Proper Lawn Watering Practices

 

            Lawn grasses and other plants in your landscape need water for growth and development. There is neither sufficient rainfall, nor is it adequately spaced throughout the year in much of North America, to sustain your landscape without supplemental water supplied by irrigation.

            Proper watering practices improve the quality of your lawn, provide important environmental benefits, and save you money. It may be hard to believe, but most homeowners tend to over-water their lawns and actually waste water by not following a few relatively simple irrigation practices.  This article outlines proper watering practices that will help ensure a healthier lawn.

 

Lawn Watering Basics

1. The healthiest lawns are produced when they are watered heavily at infrequent intervals. On an average, the lawn needs about one inch of water per week, either by rainfall or in combination with irrigation. This l-inch rule will normally soak the soil to a depth of 4 to 6 inches, allowing the water to reach deep into the root system.

 

2. The best times to water your lawn are early morning or early evening, when there is generally less wind and heat. Watering then allows for less evaporation into the air, greater penetration into the soil, and less run-off.

 

3. Let the lawn completely dry out between watering intervals. Most lawn grasses can tolerate dryer conditions over a reasonable period of time. Water only when a probe or screwdriver is difficult to push into the ground or shows that the soil is dry 4 to 6 inches down.

 

4. Interrupt watering when puddles or run-off occur. Allow water to penetrate into the soil before resuming watering. Soil types vary in the speed at which water will soak into them. Generally speaking, most watering systems apply water faster than it can be absorbed by the soil. Sloping areas are particularly prone to run-off.

 

5. Keep a newly seeded or sprigged lawn moist, but not soaked, during the germination process. Too much water can cause poor germination and seedling disease. A light mulch over the seed or sprigs will help keep the soil moist. As a new lawn begins to grow, lower the frequency of watering and increase the amount of water. After 4 to 6 weeks, treat the new lawn as an established lawn.

 

6. If you have a newly sodded lawn, water it thoroughly after placement for about 2 weeks. This allows the root system to become firmly established. Soaking may require watering every day or two. After a couple of weeks, water the sod as an established lawn.

 

Soil Types Do Make a Difference

            Water soaks in at different speeds, depending on the composition of your soil type.  If you know your basic soil type, use the following table as a general guide to watering. (Soil test kits and instructions are usually available at lawn and garden centers, and at better hardware stores. Soil test services and information are often available through your local County Extension office).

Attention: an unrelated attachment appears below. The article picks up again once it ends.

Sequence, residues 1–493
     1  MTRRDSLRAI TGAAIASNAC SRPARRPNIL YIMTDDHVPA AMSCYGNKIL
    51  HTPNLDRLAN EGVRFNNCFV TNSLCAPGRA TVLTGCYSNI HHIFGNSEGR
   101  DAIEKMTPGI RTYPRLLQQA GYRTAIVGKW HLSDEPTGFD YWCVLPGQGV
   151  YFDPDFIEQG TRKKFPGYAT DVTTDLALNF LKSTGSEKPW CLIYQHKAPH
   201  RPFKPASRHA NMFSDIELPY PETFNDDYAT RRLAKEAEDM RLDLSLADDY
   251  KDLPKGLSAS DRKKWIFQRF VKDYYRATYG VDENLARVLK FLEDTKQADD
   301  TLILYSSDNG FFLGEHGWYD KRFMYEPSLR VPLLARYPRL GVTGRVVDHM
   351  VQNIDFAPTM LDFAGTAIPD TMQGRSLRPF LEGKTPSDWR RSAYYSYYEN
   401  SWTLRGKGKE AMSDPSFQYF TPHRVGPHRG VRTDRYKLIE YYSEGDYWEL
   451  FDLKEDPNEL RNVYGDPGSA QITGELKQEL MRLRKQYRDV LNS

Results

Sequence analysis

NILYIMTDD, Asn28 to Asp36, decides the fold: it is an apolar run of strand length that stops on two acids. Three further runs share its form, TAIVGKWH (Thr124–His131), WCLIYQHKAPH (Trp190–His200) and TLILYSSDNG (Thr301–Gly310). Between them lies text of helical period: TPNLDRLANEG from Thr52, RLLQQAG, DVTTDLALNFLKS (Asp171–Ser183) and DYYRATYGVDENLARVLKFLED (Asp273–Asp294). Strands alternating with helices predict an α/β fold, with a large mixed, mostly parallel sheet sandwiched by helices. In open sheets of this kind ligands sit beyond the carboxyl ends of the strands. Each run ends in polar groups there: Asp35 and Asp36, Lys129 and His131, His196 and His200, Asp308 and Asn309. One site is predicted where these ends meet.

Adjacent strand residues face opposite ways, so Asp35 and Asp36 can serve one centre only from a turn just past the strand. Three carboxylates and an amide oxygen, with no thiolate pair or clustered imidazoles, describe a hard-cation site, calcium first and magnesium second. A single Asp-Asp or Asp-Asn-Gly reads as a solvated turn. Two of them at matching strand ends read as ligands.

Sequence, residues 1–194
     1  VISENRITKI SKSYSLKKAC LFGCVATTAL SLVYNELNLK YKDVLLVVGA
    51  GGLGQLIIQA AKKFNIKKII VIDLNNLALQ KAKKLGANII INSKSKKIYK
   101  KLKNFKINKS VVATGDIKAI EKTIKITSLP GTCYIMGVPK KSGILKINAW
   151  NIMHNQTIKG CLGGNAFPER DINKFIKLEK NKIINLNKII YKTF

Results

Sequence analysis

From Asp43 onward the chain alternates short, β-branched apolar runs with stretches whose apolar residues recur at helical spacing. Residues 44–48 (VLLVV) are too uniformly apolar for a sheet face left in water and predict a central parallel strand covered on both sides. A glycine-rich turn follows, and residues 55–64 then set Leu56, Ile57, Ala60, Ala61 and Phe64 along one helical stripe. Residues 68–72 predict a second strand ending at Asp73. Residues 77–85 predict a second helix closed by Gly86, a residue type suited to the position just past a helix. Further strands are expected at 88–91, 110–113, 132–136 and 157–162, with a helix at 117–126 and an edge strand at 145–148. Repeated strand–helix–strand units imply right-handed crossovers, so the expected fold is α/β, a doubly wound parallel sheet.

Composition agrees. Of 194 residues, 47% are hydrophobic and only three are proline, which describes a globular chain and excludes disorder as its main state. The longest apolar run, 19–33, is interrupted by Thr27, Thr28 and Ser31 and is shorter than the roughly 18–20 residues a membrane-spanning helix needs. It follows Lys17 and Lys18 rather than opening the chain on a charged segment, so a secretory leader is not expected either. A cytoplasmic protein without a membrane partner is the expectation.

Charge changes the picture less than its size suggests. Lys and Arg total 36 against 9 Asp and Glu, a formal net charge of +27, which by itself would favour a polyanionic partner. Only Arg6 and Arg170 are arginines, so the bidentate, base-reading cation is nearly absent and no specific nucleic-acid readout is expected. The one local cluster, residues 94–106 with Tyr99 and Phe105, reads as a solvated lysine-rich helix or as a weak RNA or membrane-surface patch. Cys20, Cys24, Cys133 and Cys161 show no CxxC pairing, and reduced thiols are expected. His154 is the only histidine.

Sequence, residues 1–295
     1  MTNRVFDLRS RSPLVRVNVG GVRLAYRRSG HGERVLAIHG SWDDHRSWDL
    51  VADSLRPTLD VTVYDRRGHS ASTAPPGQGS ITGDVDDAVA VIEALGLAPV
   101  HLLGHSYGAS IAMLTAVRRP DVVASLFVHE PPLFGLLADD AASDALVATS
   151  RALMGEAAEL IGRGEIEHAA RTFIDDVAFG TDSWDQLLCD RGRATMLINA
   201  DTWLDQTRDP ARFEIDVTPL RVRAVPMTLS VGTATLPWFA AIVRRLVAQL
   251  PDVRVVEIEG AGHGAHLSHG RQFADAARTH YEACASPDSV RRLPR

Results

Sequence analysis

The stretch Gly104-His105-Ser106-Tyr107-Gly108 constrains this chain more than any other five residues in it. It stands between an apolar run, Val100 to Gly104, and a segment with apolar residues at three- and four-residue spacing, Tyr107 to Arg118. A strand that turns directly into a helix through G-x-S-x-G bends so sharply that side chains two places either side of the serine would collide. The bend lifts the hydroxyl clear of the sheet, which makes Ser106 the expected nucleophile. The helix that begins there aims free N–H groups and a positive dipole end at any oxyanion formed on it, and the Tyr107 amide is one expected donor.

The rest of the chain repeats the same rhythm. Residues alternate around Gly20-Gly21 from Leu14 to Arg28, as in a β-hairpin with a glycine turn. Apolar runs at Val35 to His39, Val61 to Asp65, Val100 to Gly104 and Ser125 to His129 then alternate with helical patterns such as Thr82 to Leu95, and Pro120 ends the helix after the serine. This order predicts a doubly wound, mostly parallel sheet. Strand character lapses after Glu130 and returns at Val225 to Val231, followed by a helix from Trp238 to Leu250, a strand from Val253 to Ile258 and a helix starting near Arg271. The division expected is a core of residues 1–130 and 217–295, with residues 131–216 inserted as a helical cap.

PRIVATE
Soil Type

Sand
Sandy Loam
Loam
Silt Loam
Clay Loam
Clay

Infiltration
Inch Per Hour

2.0 inches
1.0 inches
0.5 inches
0.4 inches
0.3 inches
0.2 inches

Time For 1 Inch
To Soak In

0.5 hours
1.0 hours
2.0 hours
2.25 hours
3.3 hours
5.0 hours

 

            There are two techniques that will help water absorb into the clay soils more effectively. The first is through the use of a hollow tine core aerator. The aerator is rolled over a lawn, where it inserts metal tines into the soil and removes small cores of grass and soil. The small holes left behind make it easy for water to move down into the soil. They also give grass roots room to grow. A core aerator can be rented for a nominal fee at most equipment rental outlets.

            The second technique is to use a chemical called a surfactant, or wetting agent, which reduces the tension surface of the water. This "wetter" water will run more freely into the soil. Apply the surfactant at the manufacturer's recommended rate. Both of these techniques can be used at the same time. They can be very effective on sloping terrain where run-off is a problem.

 

How to Check Your Watering Rate

           

            No matter what kind of irrigation system or method you use, check and adjust it to the soil's absorption rate. A good rule of thumb is to apply water at a rate equal to or slightly less than the soil ability to absorb it. Most irrigation systems apply water faster than necessary, which wastes water through run-off. Also, don't forget to check if the system is applying water uniformly!

            The best way to check both of these functions is to set out a series of straight-side, flat-bottom cans for an in-ground system or a few cans for a movable sprinkler system. Run the watering system for 30 minutes and measure the amount of water collected. You can determine the length of time needed to apply one inch of water with a little simple math. If you know the soil type, check the chart above to figure how long the system needs to run in order to soak the lawn to a desired depth of 4 to 6 inches. Remember to stop the watering for an interval if you see run-off occurring.

            Hilly or sloping areas may require a soaker hose to reduce run-off and allow better water penetration into the soil.  Soakers apply water slowly over a small area.

 

Water is a valuable resource and should be used as efficiently as possible, both in your home and on your landscape. Remember that "plants don't waste water, people do!"